Dunkin' App Design System

Rebranding the Mobile Experience

In 2018, Dunkin' underwent a comprehensive rebrand of its identity, from name to packaging and to an improved in-store experience. When I joined Carter Edwards & Co, a Boston based agency, I supported Dunkin’s translation of this new look into their consumer-facing mobile-app experience. This included the standardization of a design system along with other aspects of the redesign process.

Dunkin' Brands + Carter Edwards & Co
May 2019 - Nov 2019
Product Designer
The Challenge

Carter Edwards & Co wasn't just redesigning Dunkin’s app experience, they were also innovating by offering solutions to improve customer engagement, such as new ways to deliver special offers. This called for a lot of on-the-fly experimentation and rapid prototyping within the design file, leading to a large number of inconsistencies and redundant components throughout. My challenge was to standardize all elements and components. By creating a linked Sketch library, other designers on the team could more easily develop new components and screens as the project moved forward.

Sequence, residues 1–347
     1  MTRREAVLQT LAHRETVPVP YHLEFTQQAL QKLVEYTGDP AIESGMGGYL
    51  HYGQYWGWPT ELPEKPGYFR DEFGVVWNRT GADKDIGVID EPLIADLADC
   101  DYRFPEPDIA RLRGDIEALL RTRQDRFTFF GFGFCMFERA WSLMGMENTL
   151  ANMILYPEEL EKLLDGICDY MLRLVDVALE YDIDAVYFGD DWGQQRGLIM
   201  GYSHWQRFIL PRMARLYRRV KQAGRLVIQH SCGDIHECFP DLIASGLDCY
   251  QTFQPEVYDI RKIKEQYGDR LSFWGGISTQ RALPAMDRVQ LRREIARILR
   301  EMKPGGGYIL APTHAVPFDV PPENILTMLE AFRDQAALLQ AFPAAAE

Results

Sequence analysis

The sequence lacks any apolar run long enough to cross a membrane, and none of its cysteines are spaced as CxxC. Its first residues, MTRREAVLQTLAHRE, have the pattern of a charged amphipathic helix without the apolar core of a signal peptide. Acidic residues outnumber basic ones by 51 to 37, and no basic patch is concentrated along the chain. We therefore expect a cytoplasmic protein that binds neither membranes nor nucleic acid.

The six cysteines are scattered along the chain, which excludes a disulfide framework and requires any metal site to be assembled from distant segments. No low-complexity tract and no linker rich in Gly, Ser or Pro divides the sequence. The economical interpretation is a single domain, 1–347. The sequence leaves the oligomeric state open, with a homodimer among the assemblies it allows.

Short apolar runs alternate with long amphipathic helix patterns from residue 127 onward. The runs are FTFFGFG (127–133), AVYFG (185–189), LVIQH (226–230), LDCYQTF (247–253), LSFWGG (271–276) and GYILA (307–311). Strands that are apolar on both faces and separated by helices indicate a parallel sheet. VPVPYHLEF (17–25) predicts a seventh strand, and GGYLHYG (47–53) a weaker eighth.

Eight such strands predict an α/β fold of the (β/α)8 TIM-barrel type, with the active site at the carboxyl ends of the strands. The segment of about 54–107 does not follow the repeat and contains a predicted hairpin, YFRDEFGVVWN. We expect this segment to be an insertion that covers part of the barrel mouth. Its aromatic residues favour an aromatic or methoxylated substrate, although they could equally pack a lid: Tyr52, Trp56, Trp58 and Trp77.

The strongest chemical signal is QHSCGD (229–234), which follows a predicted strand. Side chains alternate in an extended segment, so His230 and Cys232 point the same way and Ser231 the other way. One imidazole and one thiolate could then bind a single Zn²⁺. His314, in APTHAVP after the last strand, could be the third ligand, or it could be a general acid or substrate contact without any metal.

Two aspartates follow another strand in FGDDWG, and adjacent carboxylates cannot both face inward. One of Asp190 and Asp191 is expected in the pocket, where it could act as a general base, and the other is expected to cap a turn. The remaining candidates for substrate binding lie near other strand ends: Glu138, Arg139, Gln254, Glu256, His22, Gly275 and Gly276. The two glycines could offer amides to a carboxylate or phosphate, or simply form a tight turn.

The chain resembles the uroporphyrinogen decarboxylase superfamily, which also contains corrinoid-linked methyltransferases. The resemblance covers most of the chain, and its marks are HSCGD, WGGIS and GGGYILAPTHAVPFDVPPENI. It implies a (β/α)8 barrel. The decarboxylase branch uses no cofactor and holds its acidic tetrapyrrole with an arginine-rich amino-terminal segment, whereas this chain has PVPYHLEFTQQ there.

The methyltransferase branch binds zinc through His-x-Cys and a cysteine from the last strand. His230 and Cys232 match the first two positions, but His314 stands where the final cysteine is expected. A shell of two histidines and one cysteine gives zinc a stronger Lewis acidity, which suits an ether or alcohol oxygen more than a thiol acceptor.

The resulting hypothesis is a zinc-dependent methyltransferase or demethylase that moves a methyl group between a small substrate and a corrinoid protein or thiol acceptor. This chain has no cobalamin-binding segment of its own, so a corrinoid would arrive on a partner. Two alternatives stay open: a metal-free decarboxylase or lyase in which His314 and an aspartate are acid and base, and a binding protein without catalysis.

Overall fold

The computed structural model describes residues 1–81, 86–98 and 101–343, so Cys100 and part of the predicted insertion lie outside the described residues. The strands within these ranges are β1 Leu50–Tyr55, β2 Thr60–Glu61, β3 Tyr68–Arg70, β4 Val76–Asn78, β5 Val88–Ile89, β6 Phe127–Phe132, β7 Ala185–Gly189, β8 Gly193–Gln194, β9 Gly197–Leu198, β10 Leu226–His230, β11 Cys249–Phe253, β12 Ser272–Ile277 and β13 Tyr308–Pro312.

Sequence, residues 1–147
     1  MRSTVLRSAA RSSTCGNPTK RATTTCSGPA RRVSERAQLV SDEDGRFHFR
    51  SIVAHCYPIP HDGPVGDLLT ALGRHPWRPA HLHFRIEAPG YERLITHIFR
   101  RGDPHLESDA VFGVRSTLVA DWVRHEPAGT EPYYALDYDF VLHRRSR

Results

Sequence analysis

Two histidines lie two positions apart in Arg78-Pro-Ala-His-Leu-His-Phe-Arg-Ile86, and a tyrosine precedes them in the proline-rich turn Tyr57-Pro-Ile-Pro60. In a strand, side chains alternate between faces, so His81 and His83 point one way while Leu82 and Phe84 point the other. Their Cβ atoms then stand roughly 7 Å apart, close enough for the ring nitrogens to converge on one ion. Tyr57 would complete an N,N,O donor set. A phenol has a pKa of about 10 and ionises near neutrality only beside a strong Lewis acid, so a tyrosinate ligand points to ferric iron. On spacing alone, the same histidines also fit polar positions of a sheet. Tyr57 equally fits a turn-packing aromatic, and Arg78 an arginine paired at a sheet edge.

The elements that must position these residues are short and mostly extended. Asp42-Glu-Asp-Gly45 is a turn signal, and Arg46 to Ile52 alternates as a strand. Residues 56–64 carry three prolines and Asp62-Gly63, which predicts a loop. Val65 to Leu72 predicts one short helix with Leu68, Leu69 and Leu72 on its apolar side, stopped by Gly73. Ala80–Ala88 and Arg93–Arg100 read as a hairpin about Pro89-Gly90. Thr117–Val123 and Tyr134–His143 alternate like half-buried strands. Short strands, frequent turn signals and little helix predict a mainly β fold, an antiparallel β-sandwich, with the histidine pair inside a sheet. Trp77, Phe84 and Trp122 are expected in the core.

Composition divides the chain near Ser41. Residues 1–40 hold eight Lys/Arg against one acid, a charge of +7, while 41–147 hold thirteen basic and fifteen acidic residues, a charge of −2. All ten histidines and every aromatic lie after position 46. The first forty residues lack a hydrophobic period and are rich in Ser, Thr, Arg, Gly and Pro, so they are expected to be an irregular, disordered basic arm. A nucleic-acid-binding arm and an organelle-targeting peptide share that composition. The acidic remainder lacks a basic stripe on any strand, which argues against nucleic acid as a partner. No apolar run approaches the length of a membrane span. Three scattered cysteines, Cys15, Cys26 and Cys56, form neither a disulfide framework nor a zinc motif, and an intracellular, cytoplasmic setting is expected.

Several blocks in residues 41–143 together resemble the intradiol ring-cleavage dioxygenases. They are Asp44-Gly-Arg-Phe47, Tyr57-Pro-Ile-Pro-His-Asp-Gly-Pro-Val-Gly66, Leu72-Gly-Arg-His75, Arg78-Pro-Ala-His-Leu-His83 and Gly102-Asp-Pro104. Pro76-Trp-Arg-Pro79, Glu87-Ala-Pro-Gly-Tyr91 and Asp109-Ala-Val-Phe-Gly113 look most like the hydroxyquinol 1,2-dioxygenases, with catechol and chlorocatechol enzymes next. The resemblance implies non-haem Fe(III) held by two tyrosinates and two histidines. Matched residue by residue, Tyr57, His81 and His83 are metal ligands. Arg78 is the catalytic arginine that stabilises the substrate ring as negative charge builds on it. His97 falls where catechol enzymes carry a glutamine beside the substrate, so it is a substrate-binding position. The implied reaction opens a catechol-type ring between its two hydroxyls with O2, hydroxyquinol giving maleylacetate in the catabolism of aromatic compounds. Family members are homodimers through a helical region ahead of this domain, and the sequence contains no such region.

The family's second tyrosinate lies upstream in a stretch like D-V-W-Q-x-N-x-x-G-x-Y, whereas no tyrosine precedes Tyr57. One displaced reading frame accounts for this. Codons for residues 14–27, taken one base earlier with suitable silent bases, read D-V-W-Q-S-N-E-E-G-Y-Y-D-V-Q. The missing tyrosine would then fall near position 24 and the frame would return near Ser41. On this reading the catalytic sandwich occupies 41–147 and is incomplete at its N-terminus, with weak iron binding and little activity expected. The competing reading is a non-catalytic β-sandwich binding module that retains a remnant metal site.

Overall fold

The Foundation

Simplifying Colors and Type Styles

Because of rapid experimentation and proposals needing to constantly be sent to the client during the design process, there were signs of inconsistencies in color, typography, and iconography. I started to clean things up by taking inventory of all font weights and sizes, colors, and icons being used throughout the project and get rid of any redundancies and cross-checked colors and iconography with the new style guide provided by the Dunkin' team. I then created Sketch styles for all types and colors being used.

Basic Components

Standardizing Basic Components

I also spotted inconsistencies in basic components, such as buttons and form fields. This was managed by taking inventory of all these various components and standardizing all sizes and variations.

List Components

Designing for Scannability and Action

The app used a large number of list components, with each component offering multiple variations depending on where the user is in the experience.

Sketch Symbol Library Structure

Making it Easier for Design Teams to Build

Because this would become a linked library, it was important for me to determine a naming structure early in the process to ensure easy accessibility for other designers on the team.

Core Components

Easy Configuration and Adaptability

Clean symbol libraries, text styles, and color supported the team’s capacity to efficiently build or revise new and existing components via client requests.

Stress Test Everything

To ensure the integrity of each component, I stress tested each one at different breakpoints.


This foundational exercise gave Carter Edwards & Co. the means to build proposals and prototypes with ease, leading to better communication and collaboration with the Dunkin’ marketing team.